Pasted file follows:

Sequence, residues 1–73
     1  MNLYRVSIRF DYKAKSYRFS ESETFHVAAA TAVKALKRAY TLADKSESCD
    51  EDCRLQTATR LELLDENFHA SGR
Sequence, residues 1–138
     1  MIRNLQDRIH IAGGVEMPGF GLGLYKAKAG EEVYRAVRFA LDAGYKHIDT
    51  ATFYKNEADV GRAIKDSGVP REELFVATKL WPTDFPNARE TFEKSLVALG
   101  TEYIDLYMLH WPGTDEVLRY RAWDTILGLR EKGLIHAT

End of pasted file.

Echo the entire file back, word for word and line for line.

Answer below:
Sequence, residues 1–73
     1  MNLYRVSIRF DYKAKSYRFS ESETFHVAAA TAVKALKRAY TLADKSESCD
    51  EDCRLQTATR LELLDENFHA SGR
Sequence, residues 1–138
     1  MIRNLQDRIH IAGGVEMPGF GLGLYKAKAG EEVYRAVRFA LDAGYKHIDT
    51  ATFYKNEADV GRAIKDSGVP REELFVATKL WPTDFPNARE TFEKSLVALG
   101  TEYIDLYMLH WPGTDEVLRY RAWDTILGLR EKGLIHAT